Lucas Guttentag is the national director of the Immigrants' Rights Project of the American Civil Liberties Union Foundation. Mr. Guttentag founded the Immigrants' Rights Project (IRP) in New York in 1987 and established the California office in 1996. Under his direction, the IRP's staff conducts a program of national impact litigation, advocacy and public education to enforce and expand the constitutional and civil rights of immigrants.
Mr. Guttentag has litigated major immigrants' rights cases, including regional and national class actions, for almost twenty years. He has argued many cases in federal courts of appeals throughout the country and has successfully argued in the United States Supreme Court, INS v. St. Cyr, 533 U.S. 289 (2001), Calcano-Martinez v. INS, 533 U.S. 349 (2001), and in the California Supreme Court. Press v. Lucky Stores Inc., 34 Cal. 3d 311, 667 P.2d 704 (1983).
Among his other significant cases are a class action challenge to the indefinite detention of Haitian refugees at Guantanamo Naval Base, Haitian Centers Council v. McNary, 823 F.Supp. 1028 (E.D.N.Y. 1993); a nationwide class action settlement in American Baptist Churches v. Thornburgh, 760 F.Supp. 796 (N.D. Calif. 1991), affording 250,000 Salvadoran and Guatemalan refugees new asylum adjudications; constitutional challenges to a federal statute penalizing citizens and immigrants who marry during deportation proceedings, Manwani v. U.S. Department of Justice, 736 F. Supp. 1367 (W.D.N.C. 1990), Azizi v. Thornburgh, 908 F.2d 1130 (2d Cir. 1990); and class action injunctions against improper asylum interviews and transfer of immigration detainees to remote prisons.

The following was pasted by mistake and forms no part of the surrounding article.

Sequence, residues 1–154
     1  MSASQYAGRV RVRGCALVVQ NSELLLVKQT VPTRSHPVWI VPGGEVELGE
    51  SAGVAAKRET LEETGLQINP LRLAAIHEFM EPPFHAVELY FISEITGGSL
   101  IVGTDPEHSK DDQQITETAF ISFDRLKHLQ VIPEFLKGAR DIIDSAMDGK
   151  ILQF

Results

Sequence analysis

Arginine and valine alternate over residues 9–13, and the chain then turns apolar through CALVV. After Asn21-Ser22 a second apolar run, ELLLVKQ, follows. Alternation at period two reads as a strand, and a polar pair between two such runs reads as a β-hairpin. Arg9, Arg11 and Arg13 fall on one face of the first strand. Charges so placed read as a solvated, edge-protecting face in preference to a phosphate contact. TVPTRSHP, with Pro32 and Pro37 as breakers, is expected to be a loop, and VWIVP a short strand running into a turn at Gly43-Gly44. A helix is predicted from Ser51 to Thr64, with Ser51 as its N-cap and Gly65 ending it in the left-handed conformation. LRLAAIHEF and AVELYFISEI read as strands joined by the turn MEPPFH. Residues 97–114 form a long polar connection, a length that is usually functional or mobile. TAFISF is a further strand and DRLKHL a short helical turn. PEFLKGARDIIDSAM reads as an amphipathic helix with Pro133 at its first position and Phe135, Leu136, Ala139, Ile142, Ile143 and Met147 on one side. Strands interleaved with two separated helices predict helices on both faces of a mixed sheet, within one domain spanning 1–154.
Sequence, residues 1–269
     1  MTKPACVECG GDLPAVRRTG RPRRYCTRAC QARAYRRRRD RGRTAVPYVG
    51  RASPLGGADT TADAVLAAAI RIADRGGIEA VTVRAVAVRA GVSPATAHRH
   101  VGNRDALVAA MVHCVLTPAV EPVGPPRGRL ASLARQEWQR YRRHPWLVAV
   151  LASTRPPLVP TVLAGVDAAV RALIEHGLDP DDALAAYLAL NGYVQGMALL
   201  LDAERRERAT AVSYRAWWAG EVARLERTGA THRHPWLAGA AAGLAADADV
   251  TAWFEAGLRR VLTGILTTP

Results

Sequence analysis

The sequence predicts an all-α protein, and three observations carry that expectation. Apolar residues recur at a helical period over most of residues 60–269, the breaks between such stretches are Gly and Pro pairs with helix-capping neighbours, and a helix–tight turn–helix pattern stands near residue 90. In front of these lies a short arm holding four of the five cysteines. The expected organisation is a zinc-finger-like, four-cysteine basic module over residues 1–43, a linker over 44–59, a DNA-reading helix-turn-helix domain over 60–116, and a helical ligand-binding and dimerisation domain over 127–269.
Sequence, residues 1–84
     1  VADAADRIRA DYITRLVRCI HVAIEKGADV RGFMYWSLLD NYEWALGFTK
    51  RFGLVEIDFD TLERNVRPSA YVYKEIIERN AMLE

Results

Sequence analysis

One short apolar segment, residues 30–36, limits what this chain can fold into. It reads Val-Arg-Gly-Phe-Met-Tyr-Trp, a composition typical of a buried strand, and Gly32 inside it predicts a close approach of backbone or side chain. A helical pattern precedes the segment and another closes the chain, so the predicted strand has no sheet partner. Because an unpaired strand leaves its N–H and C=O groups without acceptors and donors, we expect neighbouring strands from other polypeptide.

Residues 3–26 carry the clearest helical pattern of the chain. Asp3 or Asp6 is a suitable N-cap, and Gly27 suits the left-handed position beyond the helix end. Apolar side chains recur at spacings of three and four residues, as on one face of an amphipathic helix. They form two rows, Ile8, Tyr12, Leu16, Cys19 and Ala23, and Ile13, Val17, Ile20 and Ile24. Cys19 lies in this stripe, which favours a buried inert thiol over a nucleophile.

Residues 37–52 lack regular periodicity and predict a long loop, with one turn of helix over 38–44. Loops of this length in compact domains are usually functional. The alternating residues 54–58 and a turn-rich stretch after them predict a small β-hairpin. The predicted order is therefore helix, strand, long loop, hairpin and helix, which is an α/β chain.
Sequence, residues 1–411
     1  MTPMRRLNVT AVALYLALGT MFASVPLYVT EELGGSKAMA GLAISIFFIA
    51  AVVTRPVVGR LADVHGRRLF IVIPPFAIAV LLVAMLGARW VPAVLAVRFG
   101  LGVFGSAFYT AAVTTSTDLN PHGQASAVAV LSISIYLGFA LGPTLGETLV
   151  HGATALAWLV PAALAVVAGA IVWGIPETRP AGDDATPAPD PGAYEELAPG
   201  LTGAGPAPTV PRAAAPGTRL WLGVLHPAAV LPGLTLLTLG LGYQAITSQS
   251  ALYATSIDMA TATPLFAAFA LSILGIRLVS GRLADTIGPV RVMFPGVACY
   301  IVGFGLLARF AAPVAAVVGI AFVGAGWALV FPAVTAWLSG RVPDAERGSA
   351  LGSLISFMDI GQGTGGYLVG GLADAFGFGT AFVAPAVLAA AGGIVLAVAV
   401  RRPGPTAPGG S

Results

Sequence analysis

Mr. Guttentag has also testified before Congress, published numerous articles on immigrants' rights, and spoken and written on immigration law and civil liberties at conferences and conventions throughout the country. He has received many awards for his work, including appellate ""Lawyer of the Year"" from California Lawyer magazine in 2002, ""Human Rights Hero"" by the Human Rights journal of the American Bar Association in 2001, the outstanding litigation award from the American Immigration Lawyers Association on four occasions (1990, 1991, 1997, 2002), and honors from the National Lawyers Guild, the Central American Refugee Center, Chinese for Affirmative Action, the Immigrant Legal Resources Center and others.
After law school, Mr. Guttentag clerked for U.S. district judge William Wayne Justice in Texas, was a staff attorney at the Center for Law in the Public Interest (CLIPI) in Los Angeles and taught on the clinical faculty at Columbia Law School.
Mr. Guttentag is a lecturer at U.C. Berkeley's Boalt Hall School of Law and Stanford Law School, where he teaches courses on the constitutional and civil rights of immigrants. He received his undergraduate degree from the University of California at Berkeley (1973) and his law degree from Harvard Law School (1978).